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Caught in the throes of a premature midlife crisis, Donegan, a London journalist, pulls up stakes and moves to an Irish village he once visited on holiday. The book chronicles his (mis)adventures there, from an abortive attempt at cattle farming (described here as "Quentin Tarantino's All Creatures Great and Small") through a series of exploits with the rambunctious editors of the Tirconaill Tribune, a feisty local paper. Donegan relates his experiences, which include a hunt for a whale tooth and a visit from Newt Gingrinch, and describes his companions in Creeslough with great intimacy and wit. This is certainly not the final word on "the Irish character," if such a thing even exists, but Donegan's story abounds with charming characters, Irish and otherwise, providing a meditation on small-town life that is at once universal and as unique as the Irish village it describes. --Andrew Nieland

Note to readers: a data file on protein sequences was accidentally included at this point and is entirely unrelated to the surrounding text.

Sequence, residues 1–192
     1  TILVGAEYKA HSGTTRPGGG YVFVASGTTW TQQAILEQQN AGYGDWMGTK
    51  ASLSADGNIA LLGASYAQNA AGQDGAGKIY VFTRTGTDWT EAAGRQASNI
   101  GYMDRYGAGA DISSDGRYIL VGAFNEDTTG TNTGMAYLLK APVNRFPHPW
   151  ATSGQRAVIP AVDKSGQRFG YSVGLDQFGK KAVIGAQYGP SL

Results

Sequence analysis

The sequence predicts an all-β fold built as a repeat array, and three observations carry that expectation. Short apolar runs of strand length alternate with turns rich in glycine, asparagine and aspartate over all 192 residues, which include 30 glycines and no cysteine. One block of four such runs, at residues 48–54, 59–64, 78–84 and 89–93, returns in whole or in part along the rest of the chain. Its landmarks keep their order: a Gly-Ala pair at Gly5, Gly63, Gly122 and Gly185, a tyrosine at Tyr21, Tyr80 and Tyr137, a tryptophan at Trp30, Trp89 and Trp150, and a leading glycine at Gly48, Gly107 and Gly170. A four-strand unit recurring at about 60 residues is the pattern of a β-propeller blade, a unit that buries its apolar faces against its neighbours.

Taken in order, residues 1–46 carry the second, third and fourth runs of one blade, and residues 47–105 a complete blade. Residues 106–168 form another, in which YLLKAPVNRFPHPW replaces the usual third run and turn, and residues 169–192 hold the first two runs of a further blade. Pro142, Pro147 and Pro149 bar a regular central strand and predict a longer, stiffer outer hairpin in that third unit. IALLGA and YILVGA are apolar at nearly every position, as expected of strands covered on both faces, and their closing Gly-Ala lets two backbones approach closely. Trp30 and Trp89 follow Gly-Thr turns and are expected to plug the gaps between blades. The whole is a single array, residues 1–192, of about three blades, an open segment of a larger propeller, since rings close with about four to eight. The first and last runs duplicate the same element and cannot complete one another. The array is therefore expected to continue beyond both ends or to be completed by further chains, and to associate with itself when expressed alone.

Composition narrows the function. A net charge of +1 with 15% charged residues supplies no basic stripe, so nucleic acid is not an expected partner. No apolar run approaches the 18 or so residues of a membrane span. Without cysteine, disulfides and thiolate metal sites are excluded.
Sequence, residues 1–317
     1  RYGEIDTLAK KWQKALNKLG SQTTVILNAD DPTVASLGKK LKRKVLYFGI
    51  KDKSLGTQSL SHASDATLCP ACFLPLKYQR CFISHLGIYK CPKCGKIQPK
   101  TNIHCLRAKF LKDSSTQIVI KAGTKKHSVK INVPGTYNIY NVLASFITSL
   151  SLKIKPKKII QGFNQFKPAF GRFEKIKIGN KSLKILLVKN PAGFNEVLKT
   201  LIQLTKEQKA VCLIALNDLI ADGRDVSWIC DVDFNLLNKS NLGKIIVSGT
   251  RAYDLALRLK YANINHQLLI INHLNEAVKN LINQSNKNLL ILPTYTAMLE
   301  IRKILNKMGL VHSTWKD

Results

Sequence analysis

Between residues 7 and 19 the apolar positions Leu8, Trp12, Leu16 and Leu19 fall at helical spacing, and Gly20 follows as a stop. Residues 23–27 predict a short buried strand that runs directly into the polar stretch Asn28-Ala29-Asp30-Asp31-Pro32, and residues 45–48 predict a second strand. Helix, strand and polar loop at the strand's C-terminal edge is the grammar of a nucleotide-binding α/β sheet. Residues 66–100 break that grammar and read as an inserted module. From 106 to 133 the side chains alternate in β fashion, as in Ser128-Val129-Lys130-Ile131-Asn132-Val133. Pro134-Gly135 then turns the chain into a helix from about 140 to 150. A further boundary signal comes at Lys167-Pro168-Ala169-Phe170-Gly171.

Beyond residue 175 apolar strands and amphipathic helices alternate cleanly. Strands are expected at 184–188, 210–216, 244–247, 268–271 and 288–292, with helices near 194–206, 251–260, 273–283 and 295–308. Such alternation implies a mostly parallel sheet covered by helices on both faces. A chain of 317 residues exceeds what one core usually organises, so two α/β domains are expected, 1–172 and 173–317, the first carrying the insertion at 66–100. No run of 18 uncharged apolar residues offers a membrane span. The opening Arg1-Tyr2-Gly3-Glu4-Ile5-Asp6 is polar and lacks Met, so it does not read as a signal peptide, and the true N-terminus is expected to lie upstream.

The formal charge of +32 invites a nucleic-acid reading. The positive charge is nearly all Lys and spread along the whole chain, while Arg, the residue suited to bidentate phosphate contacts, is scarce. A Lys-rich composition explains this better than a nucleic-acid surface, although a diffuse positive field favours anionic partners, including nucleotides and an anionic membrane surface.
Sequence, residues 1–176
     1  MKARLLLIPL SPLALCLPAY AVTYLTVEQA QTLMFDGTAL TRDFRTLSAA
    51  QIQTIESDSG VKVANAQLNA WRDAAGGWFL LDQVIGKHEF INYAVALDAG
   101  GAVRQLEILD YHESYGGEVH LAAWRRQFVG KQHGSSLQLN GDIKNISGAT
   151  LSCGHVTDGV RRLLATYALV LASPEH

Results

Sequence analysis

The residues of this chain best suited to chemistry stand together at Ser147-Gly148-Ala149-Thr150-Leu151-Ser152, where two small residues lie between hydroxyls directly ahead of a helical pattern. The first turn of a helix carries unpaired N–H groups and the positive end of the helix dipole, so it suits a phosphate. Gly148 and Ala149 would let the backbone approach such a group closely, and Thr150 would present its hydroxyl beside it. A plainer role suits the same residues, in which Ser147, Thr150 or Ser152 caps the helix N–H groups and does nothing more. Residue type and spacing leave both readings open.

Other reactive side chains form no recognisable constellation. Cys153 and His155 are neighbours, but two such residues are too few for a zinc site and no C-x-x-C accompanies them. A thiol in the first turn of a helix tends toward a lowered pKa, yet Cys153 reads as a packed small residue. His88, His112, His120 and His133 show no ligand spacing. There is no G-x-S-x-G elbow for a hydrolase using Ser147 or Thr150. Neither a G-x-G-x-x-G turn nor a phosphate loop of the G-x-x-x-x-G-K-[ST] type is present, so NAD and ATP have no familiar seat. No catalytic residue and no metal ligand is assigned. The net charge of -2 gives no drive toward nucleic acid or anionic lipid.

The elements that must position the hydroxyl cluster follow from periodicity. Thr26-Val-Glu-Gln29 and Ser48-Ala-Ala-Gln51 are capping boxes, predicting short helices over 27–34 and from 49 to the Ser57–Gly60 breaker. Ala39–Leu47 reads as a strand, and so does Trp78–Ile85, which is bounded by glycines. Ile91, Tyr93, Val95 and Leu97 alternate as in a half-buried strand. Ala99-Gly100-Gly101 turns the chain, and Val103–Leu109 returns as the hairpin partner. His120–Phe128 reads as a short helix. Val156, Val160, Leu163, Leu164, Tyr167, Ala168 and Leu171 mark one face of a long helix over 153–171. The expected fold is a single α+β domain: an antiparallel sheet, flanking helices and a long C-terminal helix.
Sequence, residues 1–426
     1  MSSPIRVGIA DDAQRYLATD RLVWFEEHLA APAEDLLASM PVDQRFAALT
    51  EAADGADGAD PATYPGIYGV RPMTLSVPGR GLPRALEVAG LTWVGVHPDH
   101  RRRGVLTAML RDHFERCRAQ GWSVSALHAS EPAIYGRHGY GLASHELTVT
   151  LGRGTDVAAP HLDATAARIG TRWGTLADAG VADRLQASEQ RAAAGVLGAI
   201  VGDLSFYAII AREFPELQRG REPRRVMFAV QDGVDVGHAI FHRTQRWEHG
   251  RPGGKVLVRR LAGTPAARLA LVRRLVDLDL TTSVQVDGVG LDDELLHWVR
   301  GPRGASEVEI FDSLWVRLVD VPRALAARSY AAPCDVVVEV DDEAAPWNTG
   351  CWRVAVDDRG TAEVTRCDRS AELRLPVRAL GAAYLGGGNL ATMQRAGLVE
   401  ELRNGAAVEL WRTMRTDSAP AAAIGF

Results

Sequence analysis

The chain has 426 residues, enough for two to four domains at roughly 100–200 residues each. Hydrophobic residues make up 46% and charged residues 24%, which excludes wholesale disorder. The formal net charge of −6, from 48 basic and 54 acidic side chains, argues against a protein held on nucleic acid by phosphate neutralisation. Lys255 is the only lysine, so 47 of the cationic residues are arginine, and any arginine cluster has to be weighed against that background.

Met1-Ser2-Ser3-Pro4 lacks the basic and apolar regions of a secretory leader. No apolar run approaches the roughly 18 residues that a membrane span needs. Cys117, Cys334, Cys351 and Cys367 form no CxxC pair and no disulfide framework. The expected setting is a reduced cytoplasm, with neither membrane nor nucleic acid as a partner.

Not since "Fear and Loathing in Las Vegas" and "Post Office" have I read a book that's made me laugh like this one. Read morePublished on January 27, 2007 by Nero3000
As others have agreed, I liked Donegan's straightforward style. Adding to the list of favorite bon mots below, I'm chuckling over his reaction to seeing his picture on the cover of... Read morePublished on September 24, 2004 by John L Murphy
Donegan gives the reader a fun but narrow inside view to the charms and tribulations of rural Irish life. Read morePublished on June 4, 2002 by Brian P Sweeney